Colonial Dames restore Fort Lee sundial
CHARLESTON, W.Va. -- One of the first projects of the National Society of the Colonial Dames of America in the state of West Virginia was to establish a marker on the site of Fort Lee.
That was in 1917, and the small marble monument has been restored probably eight or nine times since, most recently this year.
The marker's location on Kanawha Boulevard makes it an easy target for vandalism. The sundial has been stolen from the top of the marble pedestal, which was cracked from exposure to the elements. The bronze plaques were so dirty that they were difficult to read.
Surrounded by a black wrought-iron fence, the sundial sits on the north side of the Kanawha River, between Brooks and Morris streets, the approximate site chosen for a fort in April 1788.
Col. George Clendenin and a company of rangers marched from Camp Union -- now Lewisburg -- to the Kanawha Valley to build a fort as part of a defense system against Indians.
Clendenin already owned more than 1,000 acres, from the mouth of the Elk River stretching three miles to the east and for a mile up the Elk River -- essentially what is now downtown Charleston and the East End. He paid 5 shillings for it, according to "Charleston 200" by John G. Morgan and Robert J. Byers.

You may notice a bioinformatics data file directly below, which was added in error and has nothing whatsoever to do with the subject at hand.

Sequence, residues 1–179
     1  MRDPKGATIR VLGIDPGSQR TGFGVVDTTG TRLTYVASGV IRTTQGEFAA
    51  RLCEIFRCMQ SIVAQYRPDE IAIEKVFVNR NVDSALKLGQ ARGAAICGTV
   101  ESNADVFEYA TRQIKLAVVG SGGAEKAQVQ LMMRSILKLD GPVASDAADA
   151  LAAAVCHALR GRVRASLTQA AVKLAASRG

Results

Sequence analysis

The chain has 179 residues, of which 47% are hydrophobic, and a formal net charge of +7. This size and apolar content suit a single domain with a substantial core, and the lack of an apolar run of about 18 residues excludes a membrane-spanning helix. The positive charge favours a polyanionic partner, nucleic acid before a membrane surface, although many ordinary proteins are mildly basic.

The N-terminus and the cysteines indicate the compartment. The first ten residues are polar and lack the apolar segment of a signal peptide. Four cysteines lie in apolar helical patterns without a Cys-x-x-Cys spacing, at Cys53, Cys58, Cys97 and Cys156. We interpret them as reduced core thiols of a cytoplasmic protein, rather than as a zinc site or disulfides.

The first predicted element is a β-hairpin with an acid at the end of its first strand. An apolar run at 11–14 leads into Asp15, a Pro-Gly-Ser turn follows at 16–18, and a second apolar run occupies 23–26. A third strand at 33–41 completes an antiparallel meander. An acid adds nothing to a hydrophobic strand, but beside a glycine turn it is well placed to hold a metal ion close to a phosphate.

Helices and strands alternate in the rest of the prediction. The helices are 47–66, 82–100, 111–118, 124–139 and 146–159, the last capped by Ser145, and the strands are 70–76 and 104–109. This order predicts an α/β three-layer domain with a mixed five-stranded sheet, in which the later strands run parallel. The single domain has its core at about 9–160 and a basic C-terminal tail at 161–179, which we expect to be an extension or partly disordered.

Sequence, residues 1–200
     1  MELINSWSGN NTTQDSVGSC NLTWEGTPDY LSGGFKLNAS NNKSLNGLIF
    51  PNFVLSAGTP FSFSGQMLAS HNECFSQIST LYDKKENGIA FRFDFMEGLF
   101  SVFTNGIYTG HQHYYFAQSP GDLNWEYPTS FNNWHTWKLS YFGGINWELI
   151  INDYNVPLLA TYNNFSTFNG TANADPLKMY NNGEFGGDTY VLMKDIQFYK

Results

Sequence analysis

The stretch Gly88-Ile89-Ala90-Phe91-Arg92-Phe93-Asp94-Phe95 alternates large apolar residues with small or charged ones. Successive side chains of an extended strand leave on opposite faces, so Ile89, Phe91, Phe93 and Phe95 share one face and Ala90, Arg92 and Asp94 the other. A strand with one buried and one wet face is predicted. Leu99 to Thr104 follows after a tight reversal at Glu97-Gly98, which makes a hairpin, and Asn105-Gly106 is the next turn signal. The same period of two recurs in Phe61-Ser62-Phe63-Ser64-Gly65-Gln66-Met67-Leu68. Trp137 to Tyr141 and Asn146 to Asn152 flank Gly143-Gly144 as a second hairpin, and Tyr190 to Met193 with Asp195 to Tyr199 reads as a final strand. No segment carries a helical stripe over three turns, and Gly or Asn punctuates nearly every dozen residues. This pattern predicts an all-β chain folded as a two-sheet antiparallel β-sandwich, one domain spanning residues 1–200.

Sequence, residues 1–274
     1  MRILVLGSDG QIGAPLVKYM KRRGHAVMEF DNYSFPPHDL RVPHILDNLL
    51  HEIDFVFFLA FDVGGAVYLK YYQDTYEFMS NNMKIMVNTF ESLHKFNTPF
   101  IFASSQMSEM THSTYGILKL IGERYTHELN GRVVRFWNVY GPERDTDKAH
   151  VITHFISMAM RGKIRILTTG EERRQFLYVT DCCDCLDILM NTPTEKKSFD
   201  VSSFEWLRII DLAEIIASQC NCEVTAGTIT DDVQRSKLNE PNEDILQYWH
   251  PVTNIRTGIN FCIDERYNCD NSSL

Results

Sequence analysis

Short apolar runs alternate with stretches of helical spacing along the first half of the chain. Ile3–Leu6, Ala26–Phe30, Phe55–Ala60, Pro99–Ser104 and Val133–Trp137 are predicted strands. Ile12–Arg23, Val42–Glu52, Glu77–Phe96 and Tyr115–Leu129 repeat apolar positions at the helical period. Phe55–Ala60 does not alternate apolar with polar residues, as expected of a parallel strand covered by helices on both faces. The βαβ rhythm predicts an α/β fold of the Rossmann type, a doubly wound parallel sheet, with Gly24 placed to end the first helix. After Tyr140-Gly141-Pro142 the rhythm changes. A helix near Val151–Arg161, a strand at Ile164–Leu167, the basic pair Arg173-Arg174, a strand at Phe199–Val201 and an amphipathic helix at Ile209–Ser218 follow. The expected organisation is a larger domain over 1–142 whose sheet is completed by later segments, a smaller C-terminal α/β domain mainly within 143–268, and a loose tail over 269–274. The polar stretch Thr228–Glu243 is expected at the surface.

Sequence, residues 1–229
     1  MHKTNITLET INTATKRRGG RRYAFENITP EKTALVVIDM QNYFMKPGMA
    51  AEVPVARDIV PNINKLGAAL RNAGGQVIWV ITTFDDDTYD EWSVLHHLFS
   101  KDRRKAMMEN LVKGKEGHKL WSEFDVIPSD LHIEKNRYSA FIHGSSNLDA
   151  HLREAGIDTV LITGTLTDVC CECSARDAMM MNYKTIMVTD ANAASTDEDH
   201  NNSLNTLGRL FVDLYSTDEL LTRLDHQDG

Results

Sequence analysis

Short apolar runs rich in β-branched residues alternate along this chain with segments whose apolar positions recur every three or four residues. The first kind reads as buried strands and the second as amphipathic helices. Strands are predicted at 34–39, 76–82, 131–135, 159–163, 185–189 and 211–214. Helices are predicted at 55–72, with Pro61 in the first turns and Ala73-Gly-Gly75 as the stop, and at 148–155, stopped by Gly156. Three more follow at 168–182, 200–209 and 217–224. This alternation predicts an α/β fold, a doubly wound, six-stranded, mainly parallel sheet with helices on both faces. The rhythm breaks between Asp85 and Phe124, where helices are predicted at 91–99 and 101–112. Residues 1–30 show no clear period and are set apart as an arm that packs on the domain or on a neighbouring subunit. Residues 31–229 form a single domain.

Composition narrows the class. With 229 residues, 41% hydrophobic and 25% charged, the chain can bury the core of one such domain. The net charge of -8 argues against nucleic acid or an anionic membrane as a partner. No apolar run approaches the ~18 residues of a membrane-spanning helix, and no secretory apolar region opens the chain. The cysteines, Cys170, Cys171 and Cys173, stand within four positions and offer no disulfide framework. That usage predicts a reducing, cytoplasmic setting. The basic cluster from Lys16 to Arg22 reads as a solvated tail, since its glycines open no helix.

A native of Scotland, Clendenin had become prominent in Greenbrier County and served in the Virginia General Assembly. He saw the Kanawha Valley as a highway to the West.
The fort itself was a two-story log structure, smaller than a mobile home. It was surrounded by stockade measuring about 250 by 175 feet.
Fort Lee was named after Gen. Henry "Light Horse Harry" Lee, but was frequently called Fort Clendenin.
Six years later, in 1794, the General Assembly passed an act establishing a town on 40 acres owned by George Clendenin at the mouth of the Elk River. The town was named Charlestown in honor of George Clendenin's father, Charles.
Charles Clendenin was the first person to die within Fort Lee in 1790; he was buried in a garden within the stockade. His son George died in 1797 while visiting a daughter in Marietta, Ohio.
In 1818, Charlestown became Charleston to avoid confusion with Charles Town in Jefferson County.
During Kanawha County's bicentennial celebration in 1988, the sundial marker was moved across Kanawha Boulevard to its present site. One of the plaques notes the restoration of the marker by Kanawha Bicentennial Commission. The other notes the site of Fort Lee.
The recent restoration was a joint effort by the Charleston Beautification Commission and the National Society of the Colonial Dames of America in the state of West Virginia.
Harley Goodwin Jr., public grounds director for the city, has been instrumental in getting the repair work finished, said Kit Wellford, with the Colonial Dames.
She said the stainless-steel sundial, painted black, sits on a piece of scrap marble that has been cut to fit the top of the pedestal. The plaques and bases were sent to Sears Monument for cleaning, the major expense of the restoration.
Reach Rosalie Earle at email@example.com or 304-348-5115.